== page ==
Finding a Reward that Perks up those Ears


Positive Reinforcement can only work by finding a suitable reward for good behavior. If you are having a hard time getting your dog to focus in a setting, first assess the situation. Are there too many distractions? Is something more rewarding than the treat? If so, work farther away from the dog’s threshold by decreasing distraction, distance or duration of the behavior you are asking for. If this is a common occurance when training, try a smellier, meatier treat that might be more enticing. If that doesn’t work, your dog may not be as treat motivated as some. Not to worry, there are many other ways to reward behavior! If your dog isn’t as motivated by treats, simply find another method of motivation.


Some dogs love attention more than treats. Try using petting and excited recognition whenever your dog performs the behavior you are looking for. Make sure to also take all attention away (and even walk away if necessary) when your dog isn’t behaving in a manner you like.


Other pups are motivated by movement and love being on the go. One great way to reward these active dogs is to take off in a run with them as soon as they perform the behavior you want. For example, if you are working on reactivity towards other dogs, start running in the opposite direction the second you see another dog (before your dog even has a chance to react).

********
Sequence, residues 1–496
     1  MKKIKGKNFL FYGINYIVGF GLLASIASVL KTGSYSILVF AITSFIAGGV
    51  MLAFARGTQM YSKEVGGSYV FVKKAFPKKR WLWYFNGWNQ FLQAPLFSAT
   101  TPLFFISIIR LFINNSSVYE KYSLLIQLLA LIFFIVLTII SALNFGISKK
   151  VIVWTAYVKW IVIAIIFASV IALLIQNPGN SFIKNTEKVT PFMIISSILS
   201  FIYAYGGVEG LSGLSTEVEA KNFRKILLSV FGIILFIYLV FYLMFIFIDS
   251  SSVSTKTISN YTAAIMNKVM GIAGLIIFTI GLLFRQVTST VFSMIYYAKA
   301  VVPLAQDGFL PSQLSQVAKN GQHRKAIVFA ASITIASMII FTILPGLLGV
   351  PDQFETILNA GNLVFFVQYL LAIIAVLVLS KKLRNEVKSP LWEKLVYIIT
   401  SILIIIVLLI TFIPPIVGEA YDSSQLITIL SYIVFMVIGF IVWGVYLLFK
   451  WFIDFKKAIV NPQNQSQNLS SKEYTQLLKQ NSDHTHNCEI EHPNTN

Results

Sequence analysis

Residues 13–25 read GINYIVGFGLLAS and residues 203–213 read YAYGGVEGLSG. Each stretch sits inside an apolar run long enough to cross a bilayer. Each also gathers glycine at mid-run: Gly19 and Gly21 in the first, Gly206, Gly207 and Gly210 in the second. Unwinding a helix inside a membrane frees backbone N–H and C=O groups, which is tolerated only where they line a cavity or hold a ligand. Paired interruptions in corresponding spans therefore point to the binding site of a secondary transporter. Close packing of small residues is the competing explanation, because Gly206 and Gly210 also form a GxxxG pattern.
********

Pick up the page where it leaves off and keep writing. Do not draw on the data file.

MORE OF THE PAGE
If your dog is more motivated by toys and playtime, that can Easily be used as a reward as well. Always have a fun toy, ball or chew on you and interact with these toys whenever your dog is exhibiting positive behavior. Throw the ball or play a quick game of tug-of-war as soon as you see the behavior you are looking for.


Even if treats do work, it’s useful and exciting to switch things up a bit. Try using these other techniques alongside treats. Make sure to always be communicating by voice and with your own body language. Most importantly, have fun and your dog will too!

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